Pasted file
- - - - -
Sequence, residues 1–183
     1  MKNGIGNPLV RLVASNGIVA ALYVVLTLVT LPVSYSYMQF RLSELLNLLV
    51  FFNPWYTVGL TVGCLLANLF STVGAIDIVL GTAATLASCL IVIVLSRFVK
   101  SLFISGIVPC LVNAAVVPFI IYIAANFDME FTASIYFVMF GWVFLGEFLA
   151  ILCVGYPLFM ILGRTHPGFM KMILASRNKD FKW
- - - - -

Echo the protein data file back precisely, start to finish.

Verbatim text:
Sequence, residues 1–183
     1  MKNGIGNPLV RLVASNGIVA ALYVVLTLVT LPVSYSYMQF RLSELLNLLV
    51  FFNPWYTVGL TVGCLLANLF STVGAIDIVL GTAATLASCL IVIVLSRFVK
   101  SLFISGIVPC LVNAAVVPFI IYIAANFDME FTASIYFVMF GWVFLGEFLA
   151  ILCVGYPLFM ILGRTHPGFM KMILASRNKD FKW